Effects of 5-fluorouracil on oral barrier functions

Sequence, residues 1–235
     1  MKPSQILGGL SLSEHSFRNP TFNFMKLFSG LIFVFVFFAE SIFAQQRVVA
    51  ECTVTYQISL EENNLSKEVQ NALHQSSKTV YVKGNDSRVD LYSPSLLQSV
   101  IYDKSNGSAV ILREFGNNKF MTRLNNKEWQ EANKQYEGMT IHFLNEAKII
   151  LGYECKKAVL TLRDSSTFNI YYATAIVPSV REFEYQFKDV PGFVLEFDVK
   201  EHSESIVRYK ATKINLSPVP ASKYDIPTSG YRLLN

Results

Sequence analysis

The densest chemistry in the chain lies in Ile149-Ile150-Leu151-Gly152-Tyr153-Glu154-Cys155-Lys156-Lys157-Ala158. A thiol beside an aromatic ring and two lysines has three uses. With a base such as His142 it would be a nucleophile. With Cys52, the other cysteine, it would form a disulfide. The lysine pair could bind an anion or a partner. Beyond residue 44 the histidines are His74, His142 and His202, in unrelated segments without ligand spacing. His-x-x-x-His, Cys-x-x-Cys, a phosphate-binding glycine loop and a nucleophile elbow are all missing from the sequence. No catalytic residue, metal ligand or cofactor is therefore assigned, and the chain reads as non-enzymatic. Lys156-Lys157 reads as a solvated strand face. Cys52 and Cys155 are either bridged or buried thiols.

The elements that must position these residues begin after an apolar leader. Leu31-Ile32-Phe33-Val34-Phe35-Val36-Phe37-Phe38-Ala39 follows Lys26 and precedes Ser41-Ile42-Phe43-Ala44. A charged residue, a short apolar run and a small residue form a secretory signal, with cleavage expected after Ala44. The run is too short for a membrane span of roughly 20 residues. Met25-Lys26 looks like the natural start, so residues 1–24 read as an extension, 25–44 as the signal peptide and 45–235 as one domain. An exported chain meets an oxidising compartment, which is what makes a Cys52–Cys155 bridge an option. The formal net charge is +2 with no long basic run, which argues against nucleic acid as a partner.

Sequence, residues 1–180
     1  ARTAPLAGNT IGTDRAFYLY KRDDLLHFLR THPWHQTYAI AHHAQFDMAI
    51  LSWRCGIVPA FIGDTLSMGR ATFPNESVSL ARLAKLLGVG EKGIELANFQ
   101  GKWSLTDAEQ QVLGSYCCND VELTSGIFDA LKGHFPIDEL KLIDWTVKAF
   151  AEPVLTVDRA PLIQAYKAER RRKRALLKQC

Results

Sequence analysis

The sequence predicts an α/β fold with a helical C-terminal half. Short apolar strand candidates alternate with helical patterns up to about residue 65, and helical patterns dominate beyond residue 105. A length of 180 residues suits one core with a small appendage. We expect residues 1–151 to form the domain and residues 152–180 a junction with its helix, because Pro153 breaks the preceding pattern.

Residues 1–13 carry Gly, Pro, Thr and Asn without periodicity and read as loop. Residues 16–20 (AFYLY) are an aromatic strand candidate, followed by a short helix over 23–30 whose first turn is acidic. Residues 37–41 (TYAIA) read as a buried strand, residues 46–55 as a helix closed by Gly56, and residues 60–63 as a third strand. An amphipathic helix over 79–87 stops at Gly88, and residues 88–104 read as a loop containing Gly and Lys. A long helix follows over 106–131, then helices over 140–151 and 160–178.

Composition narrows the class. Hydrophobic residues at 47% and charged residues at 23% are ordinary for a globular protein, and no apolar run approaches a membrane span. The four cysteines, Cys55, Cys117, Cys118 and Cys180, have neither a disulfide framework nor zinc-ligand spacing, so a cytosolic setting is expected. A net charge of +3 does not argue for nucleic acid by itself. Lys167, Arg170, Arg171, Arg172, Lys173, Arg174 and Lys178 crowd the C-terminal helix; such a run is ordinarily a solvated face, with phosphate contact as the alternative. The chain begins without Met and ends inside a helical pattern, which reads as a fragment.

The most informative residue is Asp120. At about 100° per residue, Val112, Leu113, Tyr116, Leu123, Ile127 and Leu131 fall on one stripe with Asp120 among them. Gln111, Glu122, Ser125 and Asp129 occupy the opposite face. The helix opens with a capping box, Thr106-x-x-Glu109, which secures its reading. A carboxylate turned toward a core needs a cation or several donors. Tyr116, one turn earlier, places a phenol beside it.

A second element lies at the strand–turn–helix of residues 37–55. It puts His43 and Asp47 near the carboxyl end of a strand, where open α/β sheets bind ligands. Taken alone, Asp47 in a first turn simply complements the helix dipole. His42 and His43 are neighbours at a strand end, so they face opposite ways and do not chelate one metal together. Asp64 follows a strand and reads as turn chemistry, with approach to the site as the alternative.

Sammanfattning: Many anticancer drugs, e.g. 5-fluorouracil (5-FU), may cause oral mucositis and ulcerations. These adverse reactions can be severe and debilitating to the patient, and adjustment of the cancer treatment may be necessary. Efforts to develop reliable clinical protocols to relieve the oral side effects have so far been disappointing. Thus, further knowledge regarding the pathophysiology behind these lesions is warranted. This thesis focused on some influences of 5-FU on major oral barrier functions, the oral epithelium, the local immune defence and the microflora. Rats were treated with 5-FU (30 mg/kg; 50 mg/kg) i.v. In one experiment, the probiotic bacteria Lactobacillus plantarum 299v, was delivered in the drinking water during 5-FU treatment, to modify bacterial overgrowth. After the animals were sacrificed, biopsies were taken. Oral keratinocytes were investigated for 5-FU induced mode of cell death. Analysis was performed by flow cytometry, vital dye exclusion test, the TUNEL method and ultrastructural analysis. The number of local immunocompetent cells of the oral mucosa was compared with the number of similar cell populations of the dental pulp. MHC class II molecule expressing cells of the buccal epithelium and dental pulp were assessed for the capacity to induce a ConA stimulated T cell proliferation. Changes in bacterial homeostasis of the oral cavity and intestine were evaluated and predominating groups of facultative anaerobes were identified by colony morphology and gram staining appearance. The cervical and mesenteric lymph nodes were analysed for any numbers of viable bacteria. 5-FU treatment caused alterations in the keratinocytes consistent with autophagic degeneration. The local cellular immune defence of the oral mucosa and dental pulp was affected. 5-FU caused an increase in the total number of bacteria and the number of facultative anaerobes in the oral cavity and in the number of facultative anaerobes in the intestine. The proportions of facultative gram-negative rods increased. Bacteria increased in numbers in both the cervical and mesenteric lymph nodes. These findings reinforce the oral cavity, along with the gastrointestinal tract, as an important source for bacterial dissemination. L. plantarum 299v did to some extent normalise 5-FU induced disturbances in the oral and intestinal microbiota and improve the well-being of the animals. Conclusions: Influences of 5-FU on oral barrier functions were demonstrated. 5-FU may disrupt the oral epithelium, decrease the immune response and disturb the microflora. The findings indicate that the cervical lymph nodes may be an important route for bacterial dissemination from the oral cavity. Probiotic bacteria may have a positive effect on some of these functions.

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